Minnesota Profile: Bebb Willow (Salix bebbiana)
Bebb willow is named for naturalist Michael Schuck Bebb, the first person to formally study the species. It is also known as gray willow, for the color of its bark, and as long-beaked willow, for its dry fruit, or capsules, with a beaklike point.
Bebb willow is the most common of several species of so-called diamond willows. The "diamonds" of reddish-brown wood are actually cankers produced by a fungus.
Bebb willow grows as a multistemmed shrub or a small tree, from 10 to 20 feet tall, with a stem diameter up to 6 inches. The largest known Bebb willow is 23 feet tall with a 27-foot crown spread and a circumference of 101 inches at ground level. The smooth, gray bark develops a rough texture as the willow ages. Dull green, elliptical leaves distinguish it from most Minnesota willows.
This willow grows throughout Canada and the northern United States, from Washington to Maine, as well as in isolated locations in the southern Rocky Mountains. Its range in Minnesota includes all but the southwestern corner.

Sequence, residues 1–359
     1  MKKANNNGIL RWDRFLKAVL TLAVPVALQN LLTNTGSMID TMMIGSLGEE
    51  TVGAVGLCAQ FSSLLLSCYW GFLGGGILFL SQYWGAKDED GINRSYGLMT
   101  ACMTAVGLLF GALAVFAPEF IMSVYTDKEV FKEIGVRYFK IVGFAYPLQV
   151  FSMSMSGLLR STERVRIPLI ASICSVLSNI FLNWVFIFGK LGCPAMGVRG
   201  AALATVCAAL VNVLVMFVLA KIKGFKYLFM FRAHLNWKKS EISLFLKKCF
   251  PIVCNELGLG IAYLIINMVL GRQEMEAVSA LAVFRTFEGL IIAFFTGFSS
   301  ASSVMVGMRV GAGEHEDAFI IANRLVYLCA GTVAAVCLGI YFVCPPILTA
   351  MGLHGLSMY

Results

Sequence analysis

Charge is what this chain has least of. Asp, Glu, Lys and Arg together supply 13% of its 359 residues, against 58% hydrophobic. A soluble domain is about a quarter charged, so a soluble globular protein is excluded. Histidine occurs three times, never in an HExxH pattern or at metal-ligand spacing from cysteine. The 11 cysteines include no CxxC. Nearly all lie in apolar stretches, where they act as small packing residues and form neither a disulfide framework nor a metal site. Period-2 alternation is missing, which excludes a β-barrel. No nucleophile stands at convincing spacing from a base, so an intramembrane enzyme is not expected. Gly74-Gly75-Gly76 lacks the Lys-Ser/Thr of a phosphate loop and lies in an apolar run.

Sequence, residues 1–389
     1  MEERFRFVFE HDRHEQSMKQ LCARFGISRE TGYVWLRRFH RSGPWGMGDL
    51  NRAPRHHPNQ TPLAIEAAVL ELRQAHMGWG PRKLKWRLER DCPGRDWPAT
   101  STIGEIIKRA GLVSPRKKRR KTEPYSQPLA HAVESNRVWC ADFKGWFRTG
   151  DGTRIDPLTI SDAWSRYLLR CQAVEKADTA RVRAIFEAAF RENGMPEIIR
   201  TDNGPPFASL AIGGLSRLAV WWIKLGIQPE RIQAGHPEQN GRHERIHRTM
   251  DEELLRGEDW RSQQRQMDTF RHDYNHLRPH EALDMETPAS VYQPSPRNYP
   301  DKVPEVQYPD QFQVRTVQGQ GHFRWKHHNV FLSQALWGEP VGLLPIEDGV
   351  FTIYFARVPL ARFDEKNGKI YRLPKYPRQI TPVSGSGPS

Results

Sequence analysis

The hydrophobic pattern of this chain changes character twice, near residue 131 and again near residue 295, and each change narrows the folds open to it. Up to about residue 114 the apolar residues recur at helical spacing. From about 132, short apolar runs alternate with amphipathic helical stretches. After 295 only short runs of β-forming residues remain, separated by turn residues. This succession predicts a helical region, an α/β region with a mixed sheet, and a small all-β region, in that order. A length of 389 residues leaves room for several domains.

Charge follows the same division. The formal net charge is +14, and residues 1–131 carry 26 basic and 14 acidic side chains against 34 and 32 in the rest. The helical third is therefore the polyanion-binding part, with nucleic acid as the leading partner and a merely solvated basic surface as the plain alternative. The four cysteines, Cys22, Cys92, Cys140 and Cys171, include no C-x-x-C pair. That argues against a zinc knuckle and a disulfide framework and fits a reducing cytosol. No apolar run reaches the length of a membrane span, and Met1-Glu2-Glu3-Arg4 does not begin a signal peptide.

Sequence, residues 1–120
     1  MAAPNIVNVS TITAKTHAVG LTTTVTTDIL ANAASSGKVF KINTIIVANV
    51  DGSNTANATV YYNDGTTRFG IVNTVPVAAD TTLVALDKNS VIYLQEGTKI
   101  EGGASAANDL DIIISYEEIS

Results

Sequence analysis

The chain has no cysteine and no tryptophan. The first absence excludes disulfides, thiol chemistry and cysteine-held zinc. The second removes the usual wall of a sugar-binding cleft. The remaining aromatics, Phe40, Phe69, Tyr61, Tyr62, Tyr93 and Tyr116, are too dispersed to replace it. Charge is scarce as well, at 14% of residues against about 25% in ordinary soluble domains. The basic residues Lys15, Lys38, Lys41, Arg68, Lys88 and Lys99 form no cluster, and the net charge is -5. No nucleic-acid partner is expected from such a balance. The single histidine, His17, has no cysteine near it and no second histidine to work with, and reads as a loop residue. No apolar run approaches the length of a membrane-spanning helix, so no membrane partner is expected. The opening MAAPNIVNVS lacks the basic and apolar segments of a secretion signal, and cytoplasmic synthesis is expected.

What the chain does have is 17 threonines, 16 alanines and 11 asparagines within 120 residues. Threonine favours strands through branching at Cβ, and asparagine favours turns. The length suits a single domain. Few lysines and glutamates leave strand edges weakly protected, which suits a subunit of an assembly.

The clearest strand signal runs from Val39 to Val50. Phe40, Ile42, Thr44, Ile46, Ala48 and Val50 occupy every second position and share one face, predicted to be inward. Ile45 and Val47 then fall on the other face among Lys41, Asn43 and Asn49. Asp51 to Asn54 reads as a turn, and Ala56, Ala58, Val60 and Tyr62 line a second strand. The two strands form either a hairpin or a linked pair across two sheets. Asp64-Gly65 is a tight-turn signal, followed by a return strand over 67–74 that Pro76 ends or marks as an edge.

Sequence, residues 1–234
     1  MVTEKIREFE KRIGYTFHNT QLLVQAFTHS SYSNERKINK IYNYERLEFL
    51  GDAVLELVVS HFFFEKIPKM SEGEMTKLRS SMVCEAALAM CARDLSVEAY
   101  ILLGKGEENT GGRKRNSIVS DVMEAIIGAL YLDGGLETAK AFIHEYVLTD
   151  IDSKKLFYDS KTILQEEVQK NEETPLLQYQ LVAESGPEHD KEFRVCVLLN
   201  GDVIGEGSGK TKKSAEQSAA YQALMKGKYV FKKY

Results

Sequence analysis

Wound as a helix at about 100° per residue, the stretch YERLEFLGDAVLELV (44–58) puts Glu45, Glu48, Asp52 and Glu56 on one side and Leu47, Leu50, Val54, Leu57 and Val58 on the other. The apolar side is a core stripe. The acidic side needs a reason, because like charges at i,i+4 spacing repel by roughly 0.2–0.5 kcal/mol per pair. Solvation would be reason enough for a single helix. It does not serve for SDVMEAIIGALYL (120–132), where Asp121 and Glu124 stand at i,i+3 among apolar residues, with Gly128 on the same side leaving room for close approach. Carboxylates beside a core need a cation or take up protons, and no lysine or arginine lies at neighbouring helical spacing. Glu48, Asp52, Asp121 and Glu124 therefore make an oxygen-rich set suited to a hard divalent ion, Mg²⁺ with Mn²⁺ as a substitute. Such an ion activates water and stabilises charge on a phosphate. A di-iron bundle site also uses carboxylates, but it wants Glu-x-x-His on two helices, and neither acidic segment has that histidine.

A familiar sight in Minnesota's wetlands, Bebb willow tolerates a wide variety of growing conditions. It quickly regenerates in areas disturbed by fires, floods, and human activities, either growing as a marginal species in both hardwood and conifer stands, or forming dense thickets composed almost exclusively of willow. The shallow, fibrous roots help prevent erosion on disturbed sites.
Warblers, flycatchers, and other songbirds call willow thickets home. They find insects to eat and cover for nesting among the willow's stems. Deer and moose browse the leaves and shoots. Snowshoe hares, beaver, and other mammals feed on the young shoots and inner bark. Ruffed grouse rely on the buds for winter food.
Artisans remove the bark of the diamond willow, then carve the willow's light-colored wood, thus highlighting the dark, diamond-shaped cankers. The wood makes beautiful and sturdy canes, furniture, and picture frames. Some artisans weave young willow shoots into baskets and chairs.
Shawn Conrad, Minnesota Conservation Corps northeast project coordinator